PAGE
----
The ancient Egyptians believed that it was important to record and communicate information about religion and government. Thus, they invented written scripts that could be used to record this
When discussing the topic of the development of early writing systems, one cannot do so without first thinking of the Mayans. The Mayans were the only ones to form the only writing system that was native to the Americas, and were also considered to be the masters of the art of mathematics. The Mayan writing system was often referred to as hieroglyphics, due to their resemblance to the method of Egyptian writing, although there is no relation. These symbols, called glyphs, were a combination of symbols used for the phonetic spelling of words today, and other characters. It is the only writing system of the Pre-Columbian New World that can completely represent spoken language to the same degree as the written language of the old world. Translating the Maya writings has been a long, and very tedious process. Some parts of it were first translated in the late 19th and early 20th century (mostly the parts having to do with numbers, the calendar, and astronomy), but major developments started in the 1960s and 1970s and kept coming thereafter, and now, the majority of Mayan texts can be read almost completely in their original languages. During the translation of the Ma...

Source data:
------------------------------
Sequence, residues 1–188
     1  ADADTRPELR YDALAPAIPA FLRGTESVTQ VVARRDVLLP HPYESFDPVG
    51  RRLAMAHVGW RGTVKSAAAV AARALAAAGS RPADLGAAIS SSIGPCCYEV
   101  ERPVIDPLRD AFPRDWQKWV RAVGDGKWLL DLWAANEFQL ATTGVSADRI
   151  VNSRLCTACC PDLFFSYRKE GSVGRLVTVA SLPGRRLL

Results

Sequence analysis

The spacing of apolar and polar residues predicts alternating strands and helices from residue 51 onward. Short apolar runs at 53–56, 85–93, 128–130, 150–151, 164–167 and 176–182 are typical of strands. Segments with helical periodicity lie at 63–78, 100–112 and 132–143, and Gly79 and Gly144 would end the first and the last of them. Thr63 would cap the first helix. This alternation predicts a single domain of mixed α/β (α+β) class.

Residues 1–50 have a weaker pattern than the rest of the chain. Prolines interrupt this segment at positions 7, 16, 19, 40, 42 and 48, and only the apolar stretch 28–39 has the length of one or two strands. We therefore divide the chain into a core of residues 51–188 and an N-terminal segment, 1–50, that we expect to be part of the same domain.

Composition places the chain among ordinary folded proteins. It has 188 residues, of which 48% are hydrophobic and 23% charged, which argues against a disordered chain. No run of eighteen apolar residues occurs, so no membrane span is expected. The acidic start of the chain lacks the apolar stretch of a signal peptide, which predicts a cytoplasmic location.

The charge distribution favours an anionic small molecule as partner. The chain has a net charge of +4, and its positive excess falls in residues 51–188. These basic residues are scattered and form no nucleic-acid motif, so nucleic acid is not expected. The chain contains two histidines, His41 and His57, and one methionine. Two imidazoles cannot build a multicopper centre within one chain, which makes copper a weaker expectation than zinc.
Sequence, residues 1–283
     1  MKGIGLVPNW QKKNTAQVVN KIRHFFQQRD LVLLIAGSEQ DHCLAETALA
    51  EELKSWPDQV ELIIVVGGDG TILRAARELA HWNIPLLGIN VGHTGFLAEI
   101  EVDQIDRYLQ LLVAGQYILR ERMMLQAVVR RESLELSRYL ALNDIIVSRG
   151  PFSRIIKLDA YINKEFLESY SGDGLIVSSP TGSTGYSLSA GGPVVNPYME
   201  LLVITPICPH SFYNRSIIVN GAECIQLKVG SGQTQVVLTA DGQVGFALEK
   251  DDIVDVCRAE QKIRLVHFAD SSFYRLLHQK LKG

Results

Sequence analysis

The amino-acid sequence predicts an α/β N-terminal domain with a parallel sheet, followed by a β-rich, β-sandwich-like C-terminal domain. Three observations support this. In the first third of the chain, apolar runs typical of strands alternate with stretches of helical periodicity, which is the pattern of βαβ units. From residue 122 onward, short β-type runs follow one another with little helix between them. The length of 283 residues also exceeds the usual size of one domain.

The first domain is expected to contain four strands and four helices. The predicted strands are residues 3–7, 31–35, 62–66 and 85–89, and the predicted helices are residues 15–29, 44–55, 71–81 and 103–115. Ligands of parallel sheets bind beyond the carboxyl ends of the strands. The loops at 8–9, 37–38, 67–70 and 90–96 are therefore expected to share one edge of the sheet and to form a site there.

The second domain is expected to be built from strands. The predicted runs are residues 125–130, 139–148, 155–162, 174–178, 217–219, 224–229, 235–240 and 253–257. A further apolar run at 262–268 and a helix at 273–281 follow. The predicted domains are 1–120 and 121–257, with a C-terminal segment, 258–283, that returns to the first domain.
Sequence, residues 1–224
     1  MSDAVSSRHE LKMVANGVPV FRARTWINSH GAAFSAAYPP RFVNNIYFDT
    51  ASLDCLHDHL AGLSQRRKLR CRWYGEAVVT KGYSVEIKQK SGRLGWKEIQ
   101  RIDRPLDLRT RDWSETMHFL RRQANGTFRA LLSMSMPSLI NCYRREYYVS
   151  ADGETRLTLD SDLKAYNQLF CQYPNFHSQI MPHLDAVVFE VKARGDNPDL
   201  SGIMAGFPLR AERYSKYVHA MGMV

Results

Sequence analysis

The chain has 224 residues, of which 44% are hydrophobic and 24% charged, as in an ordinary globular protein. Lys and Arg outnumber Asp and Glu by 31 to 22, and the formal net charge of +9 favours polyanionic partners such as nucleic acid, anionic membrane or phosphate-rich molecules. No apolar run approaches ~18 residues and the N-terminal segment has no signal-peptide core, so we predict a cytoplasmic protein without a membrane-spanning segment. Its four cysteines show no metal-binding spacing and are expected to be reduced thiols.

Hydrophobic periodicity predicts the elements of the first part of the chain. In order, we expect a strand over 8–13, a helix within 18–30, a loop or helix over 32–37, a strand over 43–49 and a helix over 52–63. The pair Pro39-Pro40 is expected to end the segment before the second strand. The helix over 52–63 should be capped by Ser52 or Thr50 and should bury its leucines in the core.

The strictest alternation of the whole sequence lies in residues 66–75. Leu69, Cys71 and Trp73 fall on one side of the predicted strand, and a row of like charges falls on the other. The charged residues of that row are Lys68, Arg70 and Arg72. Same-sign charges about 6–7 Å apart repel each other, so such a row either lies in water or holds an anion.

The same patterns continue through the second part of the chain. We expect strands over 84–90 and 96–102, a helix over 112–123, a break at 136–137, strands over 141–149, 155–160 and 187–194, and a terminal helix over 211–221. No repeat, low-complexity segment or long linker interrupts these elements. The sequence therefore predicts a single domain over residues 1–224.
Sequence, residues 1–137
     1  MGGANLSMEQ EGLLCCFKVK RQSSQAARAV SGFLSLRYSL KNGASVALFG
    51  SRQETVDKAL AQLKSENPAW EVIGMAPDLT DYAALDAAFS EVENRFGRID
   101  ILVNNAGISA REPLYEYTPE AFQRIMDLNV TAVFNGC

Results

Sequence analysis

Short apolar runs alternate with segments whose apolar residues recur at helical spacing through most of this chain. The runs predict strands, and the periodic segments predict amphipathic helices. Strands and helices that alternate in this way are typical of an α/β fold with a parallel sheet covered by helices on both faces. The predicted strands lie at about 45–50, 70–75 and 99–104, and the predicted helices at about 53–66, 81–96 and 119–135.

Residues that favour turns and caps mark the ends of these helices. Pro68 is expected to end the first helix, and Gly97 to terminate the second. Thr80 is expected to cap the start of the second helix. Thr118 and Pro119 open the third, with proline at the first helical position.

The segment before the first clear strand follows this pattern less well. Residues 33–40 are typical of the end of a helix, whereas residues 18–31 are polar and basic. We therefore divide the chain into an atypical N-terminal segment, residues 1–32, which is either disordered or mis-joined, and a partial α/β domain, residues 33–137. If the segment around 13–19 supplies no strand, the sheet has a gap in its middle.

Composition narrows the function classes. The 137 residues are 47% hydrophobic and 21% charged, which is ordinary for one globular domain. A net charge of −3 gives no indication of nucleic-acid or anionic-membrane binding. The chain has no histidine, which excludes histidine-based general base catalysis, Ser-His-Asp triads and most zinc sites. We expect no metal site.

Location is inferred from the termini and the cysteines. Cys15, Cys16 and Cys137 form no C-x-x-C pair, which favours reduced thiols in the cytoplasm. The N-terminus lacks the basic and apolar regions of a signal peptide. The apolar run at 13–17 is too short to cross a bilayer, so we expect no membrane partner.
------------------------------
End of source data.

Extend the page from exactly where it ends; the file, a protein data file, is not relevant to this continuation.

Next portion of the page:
The Cuneiform Writing System in Ancient Mesopotamia: Emergence and Evolution | EDSITEment. 2013. [online] Available at: http://edsitement.neh.gov/lesson-plan/cuneiform-writing-system-ancient-mesopotamia-emergence-and-evolution [Accessed: 12 Nov 2013].
During the ancient Egyptians more than 3,00 yearlong history, they used three kinds of writings to write religious and secular texts. The basis of the two other writings is hieroglyphic. This writing was mainly used for sacred (Greek hieros) inscriptions on temple walls or public monuments (Greek glypho). Thus the word hieroglyphics. Hieroglyphics use clearly distinguishable pictures to express both sounds and ideas. The pictures could either be inscribed or drawn and often would be painted in many colors. The quality of the writing would vary from highly detailed signs to just mere outlines of them. A special form of hieroglyphics was used for the Book of the Dead, it was written in cursive...
A civilization is recognized as such by its form of written language. For this reason, the earliest civilization is recognized in the region of Mesopotamia with their language of Cuneiform. This ancient form of written language was inscribed on clay tablets that still remain in tact and are being salvaged hundreds of thousands of years later. Even more impressive than just writing the language, however, is the ancient Babylonians’ early mathematical discoveries. These were also recorded with cuneiform and recorded on clay tablets, and like the language, served as an early interpretation of mathematical principles that influence arithmetic all over the world today.